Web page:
Muller v. Oregon
With Friends Like These . . .
Brandeis, however, claimed that women as a group needed special protection, using the widespread assumption that women were the "weaker sex." He said it was "common knowledge" that to permit women to work more than ten hours a day in factories, laundries, and the like "[was] dangerous to public health, safety, morals [and] welfare."
This argument forced the Court to reconsider Lochner v. New York. The Court had ruled that New York's law was not a legitimate exercise of the police power of the state and interfered with the right of male bakers to contract their labor. The question was whether women were any different?
Nineteen state legislatures, under pressure from suffragists and some union leaders, had placed women in a special class, regulating their hours of work. Justice Brewer, speaking for the majority, noted that the laws were "significant of a widespread belief that woman's physical structure, and the functions she performs in consequence thereof, justify special legislation restricting or qualifying the conditions under which she should be permitted to toil."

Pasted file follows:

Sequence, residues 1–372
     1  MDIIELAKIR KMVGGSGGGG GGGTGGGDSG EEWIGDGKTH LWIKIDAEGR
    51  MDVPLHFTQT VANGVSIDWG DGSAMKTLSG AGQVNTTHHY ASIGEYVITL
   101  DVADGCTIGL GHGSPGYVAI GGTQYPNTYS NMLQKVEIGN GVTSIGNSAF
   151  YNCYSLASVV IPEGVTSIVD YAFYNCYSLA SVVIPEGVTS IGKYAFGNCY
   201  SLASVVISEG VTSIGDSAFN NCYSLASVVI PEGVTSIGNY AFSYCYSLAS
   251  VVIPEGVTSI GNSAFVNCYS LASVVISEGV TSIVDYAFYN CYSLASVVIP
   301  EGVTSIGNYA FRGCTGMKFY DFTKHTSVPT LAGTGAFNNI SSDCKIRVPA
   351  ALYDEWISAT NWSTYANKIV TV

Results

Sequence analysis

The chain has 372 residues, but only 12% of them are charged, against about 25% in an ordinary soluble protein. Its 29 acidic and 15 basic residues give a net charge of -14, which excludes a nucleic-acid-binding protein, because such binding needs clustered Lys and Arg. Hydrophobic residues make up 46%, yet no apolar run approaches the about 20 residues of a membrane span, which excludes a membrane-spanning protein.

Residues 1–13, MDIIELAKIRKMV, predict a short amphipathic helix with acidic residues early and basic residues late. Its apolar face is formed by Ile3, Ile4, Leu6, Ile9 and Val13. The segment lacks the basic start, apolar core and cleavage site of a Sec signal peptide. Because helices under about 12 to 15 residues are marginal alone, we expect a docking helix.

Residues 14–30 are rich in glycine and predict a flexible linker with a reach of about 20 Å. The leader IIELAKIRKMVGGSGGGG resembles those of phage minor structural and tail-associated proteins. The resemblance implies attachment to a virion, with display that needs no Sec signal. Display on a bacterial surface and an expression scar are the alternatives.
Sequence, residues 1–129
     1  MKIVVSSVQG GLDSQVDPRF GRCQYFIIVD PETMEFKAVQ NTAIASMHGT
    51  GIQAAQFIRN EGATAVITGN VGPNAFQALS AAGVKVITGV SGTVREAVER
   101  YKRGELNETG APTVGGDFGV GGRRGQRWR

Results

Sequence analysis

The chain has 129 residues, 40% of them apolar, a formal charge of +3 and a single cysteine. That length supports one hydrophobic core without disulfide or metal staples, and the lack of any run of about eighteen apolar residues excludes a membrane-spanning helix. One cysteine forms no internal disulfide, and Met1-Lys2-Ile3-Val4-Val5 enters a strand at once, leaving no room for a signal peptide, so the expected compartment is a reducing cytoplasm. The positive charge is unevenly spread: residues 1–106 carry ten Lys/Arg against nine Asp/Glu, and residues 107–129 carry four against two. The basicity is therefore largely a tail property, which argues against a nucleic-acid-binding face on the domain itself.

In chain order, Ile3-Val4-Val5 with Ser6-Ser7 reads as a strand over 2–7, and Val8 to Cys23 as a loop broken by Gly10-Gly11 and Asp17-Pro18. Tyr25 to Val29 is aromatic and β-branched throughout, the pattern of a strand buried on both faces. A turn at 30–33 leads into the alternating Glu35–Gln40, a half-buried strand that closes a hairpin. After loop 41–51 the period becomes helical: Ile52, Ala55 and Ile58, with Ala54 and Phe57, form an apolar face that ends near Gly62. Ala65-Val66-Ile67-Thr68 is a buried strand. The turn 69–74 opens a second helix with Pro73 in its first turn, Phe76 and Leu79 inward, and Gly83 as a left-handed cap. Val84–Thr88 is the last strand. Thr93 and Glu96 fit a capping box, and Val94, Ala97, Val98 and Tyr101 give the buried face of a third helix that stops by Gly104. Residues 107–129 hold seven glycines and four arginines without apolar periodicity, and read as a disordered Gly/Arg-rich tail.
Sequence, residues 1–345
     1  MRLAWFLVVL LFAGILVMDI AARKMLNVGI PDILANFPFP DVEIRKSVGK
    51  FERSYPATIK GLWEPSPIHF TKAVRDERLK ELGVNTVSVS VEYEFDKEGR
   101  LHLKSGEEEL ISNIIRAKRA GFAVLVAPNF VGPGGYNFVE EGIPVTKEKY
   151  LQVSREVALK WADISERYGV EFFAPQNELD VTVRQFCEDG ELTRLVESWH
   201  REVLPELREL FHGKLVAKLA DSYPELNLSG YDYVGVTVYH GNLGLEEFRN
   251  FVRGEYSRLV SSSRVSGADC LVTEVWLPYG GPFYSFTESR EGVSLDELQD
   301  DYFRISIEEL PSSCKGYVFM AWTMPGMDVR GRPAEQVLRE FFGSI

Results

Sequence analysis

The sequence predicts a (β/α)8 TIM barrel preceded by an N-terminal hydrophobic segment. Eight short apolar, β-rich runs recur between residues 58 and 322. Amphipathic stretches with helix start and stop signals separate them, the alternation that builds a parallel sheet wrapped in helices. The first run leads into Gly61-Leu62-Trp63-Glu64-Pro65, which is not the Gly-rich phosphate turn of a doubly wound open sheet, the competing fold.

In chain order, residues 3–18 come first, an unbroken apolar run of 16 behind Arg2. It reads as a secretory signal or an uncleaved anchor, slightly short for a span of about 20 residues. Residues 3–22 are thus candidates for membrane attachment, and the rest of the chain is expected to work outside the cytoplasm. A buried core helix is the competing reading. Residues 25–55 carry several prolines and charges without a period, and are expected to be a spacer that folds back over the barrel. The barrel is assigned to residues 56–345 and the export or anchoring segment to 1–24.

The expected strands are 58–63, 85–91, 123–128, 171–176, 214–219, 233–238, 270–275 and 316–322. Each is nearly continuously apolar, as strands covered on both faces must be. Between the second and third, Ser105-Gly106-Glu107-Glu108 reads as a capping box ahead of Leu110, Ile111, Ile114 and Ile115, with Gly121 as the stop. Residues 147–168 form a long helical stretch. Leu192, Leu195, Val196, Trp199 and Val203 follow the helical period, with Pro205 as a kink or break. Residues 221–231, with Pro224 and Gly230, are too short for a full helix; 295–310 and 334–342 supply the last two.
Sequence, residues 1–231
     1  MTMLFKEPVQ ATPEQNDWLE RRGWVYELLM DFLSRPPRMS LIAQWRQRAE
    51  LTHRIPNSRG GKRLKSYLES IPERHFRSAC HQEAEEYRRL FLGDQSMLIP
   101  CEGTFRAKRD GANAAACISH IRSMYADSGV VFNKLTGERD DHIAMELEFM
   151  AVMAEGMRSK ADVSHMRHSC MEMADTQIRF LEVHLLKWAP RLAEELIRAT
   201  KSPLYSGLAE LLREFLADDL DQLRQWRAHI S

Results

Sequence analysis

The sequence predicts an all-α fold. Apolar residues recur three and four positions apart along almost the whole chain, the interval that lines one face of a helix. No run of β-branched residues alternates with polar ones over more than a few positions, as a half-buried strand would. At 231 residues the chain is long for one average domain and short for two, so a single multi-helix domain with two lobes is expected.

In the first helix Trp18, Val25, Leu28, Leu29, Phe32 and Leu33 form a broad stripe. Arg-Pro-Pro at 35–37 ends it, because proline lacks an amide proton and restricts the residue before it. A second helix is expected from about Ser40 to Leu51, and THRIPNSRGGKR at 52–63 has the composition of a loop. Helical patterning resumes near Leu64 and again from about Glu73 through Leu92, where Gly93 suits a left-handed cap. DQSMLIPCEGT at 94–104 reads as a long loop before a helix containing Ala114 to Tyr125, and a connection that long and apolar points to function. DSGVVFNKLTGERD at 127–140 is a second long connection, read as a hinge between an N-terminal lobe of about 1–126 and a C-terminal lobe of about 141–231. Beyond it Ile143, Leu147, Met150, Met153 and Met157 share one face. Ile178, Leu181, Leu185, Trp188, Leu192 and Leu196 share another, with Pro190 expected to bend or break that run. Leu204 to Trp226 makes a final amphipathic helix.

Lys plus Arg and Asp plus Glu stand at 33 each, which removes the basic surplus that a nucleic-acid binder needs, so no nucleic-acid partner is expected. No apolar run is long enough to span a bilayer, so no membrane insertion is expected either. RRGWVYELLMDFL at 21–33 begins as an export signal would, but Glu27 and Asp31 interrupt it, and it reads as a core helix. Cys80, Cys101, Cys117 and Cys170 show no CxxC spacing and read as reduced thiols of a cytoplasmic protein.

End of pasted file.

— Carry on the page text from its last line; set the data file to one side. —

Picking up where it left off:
In a view that seemed progressive for its time but now appears paternalistic, Brewer said:
That woman's physical structure . . . place her at a disadvantage in the struggle for subsistence is obvious. This is especially true when the burdens of motherhood are upon her. Even when they are not . . . continuance for a long time on her feet at work, repeating this from day to day, tends to injurious effects upon the body, and, as healthy mothers are essential to vigorous offspring, the physical well-being of woman becomes an object of public interest and care in order to preserve the strength and vigor of the race.
For these reasons, Brewer decided that a woman "is properly placed in a class by herself, and legislation designed for her protection may be sustained." The Court unanimously affirmed the lower court's decision requiring Muller to pay the fine and court costs. The Brandeis brief had been a success.
Law Library - American Law and Legal InformationNotable Trials and Court Cases - 1883 to 1917Muller v. Oregon - Significance, A Clash Of Ideas, With Friends Like These . . ., The Aftermath, Further Readings